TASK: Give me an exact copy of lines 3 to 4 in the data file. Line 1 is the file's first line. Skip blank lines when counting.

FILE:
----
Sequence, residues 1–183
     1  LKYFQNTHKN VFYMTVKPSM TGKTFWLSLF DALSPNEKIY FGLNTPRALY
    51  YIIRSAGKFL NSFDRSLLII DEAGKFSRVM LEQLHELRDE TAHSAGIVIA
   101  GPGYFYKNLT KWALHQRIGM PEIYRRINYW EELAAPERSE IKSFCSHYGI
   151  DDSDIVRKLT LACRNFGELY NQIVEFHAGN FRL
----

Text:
    51  YIIRSAGKFL NSFDRSLLII DEAGKFSRVM LEQLHELRDE TAHSAGIVIA
   101  GPGYFYKNLT KWALHQRIGM PEIYRRINYW EELAAPERSE IKSFCSHYGI